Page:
Queer representation has been present across all genres of film since the dawn of filmmaking. Much of the early representation of queer identities originated in the horror genre, specifically during the time of the Motion Picture Production Code (1934-1968). However, many negative stereotypes and tropes still common in media today originated in this time period. Films like Dracula’s Daughter and Bride of Frankenstein included stereotypes like the overly effeminate, weak gay man, the aggressive, ugly lesbian, and the concept that queer people are predatory. Modern-day horror films have started to stray away from these harmful tropes, including more well-rounded and diverse queer representation. Films like Jennifer’s Body still include queer villains but do not make their queerness what makes them evil. Films like The Fear Street Trilogy allow queer characters to be seen in leading roles. The leads of this trilogy have agency in their story and are not defined by their sexuality. 21st-century filmmaking is heading towards better queer representation. This includes exploring diverse identities, respecting the queer community through authentic storytelling, recognizing bias and negative stereotypes, and including queer people in the development of queer characters. Queer representation in the media is powerful and can save lives, so it is important that filmmakers strive for genuine representation when writing queer stories.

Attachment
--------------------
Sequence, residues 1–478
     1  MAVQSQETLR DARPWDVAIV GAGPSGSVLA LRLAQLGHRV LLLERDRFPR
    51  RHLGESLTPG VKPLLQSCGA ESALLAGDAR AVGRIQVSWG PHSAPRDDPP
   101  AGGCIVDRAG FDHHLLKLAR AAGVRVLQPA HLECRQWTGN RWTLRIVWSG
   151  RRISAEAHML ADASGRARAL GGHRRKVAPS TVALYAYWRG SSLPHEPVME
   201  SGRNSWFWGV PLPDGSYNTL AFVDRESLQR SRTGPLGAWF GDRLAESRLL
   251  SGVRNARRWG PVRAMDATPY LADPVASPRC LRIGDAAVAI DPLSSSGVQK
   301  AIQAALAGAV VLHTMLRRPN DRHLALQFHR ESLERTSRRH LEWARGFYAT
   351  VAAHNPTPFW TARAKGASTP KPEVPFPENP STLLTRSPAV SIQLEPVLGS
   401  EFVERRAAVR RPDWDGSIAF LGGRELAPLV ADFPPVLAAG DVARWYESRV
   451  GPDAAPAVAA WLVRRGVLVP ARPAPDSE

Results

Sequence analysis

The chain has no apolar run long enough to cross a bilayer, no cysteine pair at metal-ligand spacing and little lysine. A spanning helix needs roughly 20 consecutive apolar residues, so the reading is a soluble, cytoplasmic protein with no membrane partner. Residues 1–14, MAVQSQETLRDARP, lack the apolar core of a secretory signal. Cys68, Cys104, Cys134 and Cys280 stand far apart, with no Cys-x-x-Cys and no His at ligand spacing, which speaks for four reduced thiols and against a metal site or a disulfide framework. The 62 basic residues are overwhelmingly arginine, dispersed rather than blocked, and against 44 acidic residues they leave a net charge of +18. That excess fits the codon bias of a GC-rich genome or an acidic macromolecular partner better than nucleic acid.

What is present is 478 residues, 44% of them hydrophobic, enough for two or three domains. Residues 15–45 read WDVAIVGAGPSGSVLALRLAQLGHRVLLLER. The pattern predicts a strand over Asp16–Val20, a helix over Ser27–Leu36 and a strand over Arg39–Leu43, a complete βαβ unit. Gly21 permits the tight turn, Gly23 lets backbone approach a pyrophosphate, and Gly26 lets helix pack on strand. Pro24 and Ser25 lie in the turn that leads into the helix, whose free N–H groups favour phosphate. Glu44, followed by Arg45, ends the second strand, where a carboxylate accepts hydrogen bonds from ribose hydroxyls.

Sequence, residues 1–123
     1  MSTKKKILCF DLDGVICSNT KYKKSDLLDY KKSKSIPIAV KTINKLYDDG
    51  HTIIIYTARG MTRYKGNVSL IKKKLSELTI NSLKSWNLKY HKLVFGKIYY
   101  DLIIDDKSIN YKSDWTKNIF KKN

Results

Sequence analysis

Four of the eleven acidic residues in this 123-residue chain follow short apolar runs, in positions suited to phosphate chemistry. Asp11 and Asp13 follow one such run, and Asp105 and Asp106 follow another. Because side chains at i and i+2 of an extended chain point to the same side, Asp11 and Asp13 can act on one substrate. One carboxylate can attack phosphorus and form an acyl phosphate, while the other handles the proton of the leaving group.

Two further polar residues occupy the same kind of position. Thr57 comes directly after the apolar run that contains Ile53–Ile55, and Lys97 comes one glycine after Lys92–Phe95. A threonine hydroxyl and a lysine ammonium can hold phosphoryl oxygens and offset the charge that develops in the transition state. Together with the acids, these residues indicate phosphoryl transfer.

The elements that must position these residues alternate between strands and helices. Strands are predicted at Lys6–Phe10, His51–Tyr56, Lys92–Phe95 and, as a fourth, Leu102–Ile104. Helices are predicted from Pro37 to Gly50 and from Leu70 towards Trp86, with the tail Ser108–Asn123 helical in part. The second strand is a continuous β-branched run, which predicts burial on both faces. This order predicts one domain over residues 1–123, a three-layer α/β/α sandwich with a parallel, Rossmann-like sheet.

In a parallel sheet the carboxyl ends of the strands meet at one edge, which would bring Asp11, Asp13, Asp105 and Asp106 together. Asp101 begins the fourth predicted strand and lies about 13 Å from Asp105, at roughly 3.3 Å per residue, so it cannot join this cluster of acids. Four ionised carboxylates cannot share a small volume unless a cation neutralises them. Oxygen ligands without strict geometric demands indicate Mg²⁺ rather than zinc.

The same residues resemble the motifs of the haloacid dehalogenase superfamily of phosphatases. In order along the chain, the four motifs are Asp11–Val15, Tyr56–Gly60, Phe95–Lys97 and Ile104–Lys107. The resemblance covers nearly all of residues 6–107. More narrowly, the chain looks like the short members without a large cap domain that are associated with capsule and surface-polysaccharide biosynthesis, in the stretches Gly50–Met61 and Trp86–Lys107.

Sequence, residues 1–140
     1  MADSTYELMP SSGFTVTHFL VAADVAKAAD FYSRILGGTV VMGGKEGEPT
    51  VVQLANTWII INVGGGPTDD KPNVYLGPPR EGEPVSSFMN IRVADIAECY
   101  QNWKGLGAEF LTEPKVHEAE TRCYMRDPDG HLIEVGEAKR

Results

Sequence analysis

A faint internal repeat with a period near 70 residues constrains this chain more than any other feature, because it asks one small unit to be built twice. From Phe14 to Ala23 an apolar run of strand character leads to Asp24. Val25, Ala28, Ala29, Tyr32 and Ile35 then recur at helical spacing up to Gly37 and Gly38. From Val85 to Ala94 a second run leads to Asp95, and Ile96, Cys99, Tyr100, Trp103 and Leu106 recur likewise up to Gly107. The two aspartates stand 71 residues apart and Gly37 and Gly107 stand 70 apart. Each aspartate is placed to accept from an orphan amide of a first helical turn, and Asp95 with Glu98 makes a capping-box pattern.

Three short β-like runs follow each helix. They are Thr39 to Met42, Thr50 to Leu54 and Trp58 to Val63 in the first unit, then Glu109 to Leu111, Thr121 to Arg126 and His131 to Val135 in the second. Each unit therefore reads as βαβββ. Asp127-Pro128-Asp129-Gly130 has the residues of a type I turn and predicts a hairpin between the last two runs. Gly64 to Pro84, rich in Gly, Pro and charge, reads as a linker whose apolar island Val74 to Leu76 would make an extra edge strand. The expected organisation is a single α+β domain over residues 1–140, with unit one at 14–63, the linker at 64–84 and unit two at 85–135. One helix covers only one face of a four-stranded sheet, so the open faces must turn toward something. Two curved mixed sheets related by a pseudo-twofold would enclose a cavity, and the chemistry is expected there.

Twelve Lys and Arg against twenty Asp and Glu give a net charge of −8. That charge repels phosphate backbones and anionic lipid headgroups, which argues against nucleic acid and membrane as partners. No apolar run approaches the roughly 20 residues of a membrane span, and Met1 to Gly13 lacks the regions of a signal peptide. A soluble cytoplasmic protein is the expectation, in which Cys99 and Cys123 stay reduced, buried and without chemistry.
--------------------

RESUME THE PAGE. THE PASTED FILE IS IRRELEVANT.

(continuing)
Semester/Year of Award

Spring 5-3-2023


Vernon Cooper

Mentor Department Affiliation

Language and Cultural Studies, Anthropology, and Sociology

Access Options

Open Access Thesis

Document Type

Bachelor Thesis

Degree Name

Honors Scholars

Degree Level



Language and Cultural Studies, Anthropology, and Sociology